Gallipoli. (Greek: Kallipolis (Καλλίπολις), meaning "Beautiful City") is a town and comune of 21,200 inhabitants in the province of Lecce, in Apulia, southern Italy.
According to a legend, the city was founded in ancient times by Idomeneus of Crete. Pliny the Elder attributes the foundation to the Senones Gauls, while more likely is that it was a Messapic settlement. Historically, what is known is that Gallipoli was a city of the Greater Greece, ruling over a large territory including today's Porto Cesarea. In 265 it sided with Pyrrhus and Taranto against ancient Rome, suffering a defeat which relegated it as a Roman colony (later a municipium).
Places to visit
Angevine-Aragonese Castle, built in the 13th century by the Byzantines. It was largely remade under the Angevines and the Aragonese, who added a polygonal wall fortified with round towers. The main additions were carried on by Francesco di Giorgio Martini, who worked for King Alfonso II of Naples. In 1522 it was added the eastern wall, known as Rivellino, defended by waters on three sides.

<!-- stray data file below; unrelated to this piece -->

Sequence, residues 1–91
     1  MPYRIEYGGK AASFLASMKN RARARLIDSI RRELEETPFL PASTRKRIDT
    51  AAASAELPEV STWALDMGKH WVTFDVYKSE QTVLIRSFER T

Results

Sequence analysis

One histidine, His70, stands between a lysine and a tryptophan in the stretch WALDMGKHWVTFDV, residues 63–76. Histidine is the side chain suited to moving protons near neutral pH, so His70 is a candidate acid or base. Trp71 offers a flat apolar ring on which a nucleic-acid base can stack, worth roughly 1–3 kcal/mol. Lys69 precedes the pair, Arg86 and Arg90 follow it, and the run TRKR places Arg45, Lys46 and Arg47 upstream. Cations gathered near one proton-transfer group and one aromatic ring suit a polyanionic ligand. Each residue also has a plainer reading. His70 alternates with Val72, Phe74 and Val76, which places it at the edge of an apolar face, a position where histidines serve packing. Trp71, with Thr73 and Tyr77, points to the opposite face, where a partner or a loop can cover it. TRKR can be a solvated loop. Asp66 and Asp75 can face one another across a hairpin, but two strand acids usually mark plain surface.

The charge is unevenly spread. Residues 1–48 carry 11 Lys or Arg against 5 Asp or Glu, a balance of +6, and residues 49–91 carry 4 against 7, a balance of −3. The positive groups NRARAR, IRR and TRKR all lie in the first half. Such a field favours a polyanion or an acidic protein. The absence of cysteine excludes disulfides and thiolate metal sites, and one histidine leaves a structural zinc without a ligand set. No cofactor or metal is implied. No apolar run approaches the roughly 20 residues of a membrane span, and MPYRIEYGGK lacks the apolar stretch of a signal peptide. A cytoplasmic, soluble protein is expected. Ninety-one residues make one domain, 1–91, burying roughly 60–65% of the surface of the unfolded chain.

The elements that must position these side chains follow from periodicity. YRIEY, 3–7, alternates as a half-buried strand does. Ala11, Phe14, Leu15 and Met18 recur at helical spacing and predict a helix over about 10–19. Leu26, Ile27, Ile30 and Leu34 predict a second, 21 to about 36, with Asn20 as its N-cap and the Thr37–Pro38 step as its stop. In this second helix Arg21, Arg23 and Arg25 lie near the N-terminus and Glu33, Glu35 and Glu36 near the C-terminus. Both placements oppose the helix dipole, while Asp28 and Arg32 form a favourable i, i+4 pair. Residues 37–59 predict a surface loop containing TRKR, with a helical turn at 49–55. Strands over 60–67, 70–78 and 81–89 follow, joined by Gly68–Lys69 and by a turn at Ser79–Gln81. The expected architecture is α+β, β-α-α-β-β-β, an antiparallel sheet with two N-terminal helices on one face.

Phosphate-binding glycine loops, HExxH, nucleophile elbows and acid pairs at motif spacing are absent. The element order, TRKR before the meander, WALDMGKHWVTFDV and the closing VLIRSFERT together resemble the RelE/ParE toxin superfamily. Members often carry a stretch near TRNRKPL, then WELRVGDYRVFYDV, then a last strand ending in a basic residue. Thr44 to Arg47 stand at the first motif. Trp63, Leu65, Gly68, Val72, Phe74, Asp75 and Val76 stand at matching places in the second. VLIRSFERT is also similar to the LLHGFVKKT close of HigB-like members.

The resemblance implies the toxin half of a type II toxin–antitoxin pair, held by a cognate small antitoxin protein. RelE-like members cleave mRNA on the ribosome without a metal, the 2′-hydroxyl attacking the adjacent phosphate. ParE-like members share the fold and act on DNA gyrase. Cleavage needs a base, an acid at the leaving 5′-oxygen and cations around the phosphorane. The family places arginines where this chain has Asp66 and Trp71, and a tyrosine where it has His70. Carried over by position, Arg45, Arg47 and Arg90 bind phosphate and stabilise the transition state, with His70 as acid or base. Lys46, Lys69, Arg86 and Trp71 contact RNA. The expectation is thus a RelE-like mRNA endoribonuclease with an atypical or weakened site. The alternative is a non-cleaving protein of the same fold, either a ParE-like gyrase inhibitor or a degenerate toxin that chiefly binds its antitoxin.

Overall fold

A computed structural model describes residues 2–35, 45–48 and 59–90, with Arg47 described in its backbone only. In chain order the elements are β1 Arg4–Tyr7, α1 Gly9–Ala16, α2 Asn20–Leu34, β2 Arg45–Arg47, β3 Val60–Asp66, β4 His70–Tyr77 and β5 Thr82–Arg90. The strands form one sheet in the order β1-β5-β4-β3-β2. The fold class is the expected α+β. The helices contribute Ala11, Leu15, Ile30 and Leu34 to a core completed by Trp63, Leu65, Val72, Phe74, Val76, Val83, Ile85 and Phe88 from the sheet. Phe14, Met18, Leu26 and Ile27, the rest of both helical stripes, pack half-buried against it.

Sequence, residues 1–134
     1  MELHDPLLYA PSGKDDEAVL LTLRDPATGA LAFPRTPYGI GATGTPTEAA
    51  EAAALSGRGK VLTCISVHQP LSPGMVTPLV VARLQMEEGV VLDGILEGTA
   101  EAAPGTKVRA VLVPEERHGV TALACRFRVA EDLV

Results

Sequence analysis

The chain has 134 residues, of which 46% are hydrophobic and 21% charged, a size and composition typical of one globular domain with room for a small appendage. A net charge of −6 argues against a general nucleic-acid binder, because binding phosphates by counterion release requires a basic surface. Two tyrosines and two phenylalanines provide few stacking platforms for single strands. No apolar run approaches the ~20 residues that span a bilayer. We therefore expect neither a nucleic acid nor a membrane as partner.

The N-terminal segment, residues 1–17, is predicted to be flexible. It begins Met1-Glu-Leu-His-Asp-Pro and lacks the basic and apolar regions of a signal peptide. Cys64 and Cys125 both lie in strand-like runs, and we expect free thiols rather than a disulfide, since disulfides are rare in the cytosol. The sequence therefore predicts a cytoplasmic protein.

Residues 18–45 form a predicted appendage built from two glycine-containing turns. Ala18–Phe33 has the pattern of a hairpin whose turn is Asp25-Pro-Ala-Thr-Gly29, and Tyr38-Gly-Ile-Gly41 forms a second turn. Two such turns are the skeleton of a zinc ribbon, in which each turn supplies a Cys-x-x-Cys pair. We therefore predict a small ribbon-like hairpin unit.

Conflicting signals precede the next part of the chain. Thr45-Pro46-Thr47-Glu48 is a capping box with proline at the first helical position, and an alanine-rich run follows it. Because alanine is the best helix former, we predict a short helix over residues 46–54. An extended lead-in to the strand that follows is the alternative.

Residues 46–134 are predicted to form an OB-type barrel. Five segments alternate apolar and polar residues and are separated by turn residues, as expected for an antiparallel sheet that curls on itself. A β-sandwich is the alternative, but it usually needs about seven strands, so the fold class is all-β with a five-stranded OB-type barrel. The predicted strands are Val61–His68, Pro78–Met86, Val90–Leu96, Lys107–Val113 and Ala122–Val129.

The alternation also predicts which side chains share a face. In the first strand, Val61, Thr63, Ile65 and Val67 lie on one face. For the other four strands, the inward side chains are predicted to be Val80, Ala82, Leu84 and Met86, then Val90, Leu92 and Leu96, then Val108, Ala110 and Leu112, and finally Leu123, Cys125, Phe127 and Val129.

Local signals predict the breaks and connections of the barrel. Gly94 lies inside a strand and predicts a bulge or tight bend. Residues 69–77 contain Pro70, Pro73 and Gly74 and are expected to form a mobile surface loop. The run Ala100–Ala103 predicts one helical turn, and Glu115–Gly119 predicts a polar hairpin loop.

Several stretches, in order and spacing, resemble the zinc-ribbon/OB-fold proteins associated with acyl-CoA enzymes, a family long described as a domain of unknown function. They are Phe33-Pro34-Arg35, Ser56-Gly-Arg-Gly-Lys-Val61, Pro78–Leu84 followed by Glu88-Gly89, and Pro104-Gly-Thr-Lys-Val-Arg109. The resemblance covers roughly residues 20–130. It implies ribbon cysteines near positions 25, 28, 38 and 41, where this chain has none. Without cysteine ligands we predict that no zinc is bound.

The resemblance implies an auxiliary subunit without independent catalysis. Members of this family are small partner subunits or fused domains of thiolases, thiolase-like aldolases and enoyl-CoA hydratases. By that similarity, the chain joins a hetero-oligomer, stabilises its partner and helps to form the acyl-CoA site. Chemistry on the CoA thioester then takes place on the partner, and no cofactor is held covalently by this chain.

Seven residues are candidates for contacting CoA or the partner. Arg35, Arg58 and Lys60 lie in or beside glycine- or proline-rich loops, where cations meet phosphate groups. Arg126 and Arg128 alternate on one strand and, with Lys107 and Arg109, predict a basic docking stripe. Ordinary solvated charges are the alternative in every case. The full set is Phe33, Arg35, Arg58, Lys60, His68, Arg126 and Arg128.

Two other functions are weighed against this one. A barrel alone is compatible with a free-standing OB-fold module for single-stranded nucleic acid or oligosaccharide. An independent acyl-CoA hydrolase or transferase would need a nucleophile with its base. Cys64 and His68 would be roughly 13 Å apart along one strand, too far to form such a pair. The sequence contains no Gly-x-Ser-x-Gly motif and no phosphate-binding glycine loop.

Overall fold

Nearest airports are Brindisi (88 km) and Bari (200 km). Gallipoli can be reached from both of them via a modern freeway, the state road 101.
In past times the economy of Gallipoli was based on the international wine and oil commerce. Nowadays its most important activities are based on fishing and tourism.
Tourism is enjoyable throughout the year, due to the mild climate. Numerous are also the celebrations (civil and religious). These include the Carnival, Easter and all the parades, Sant'Agata, and the Santa Cristina celebrations in July.
Gallipoli also boasts a very recently built harbour for private boats, located just steps from the bottom of the main Corso Roma.
The summer season starts in May and ends in October, when the weather is almost invariably hot and clear.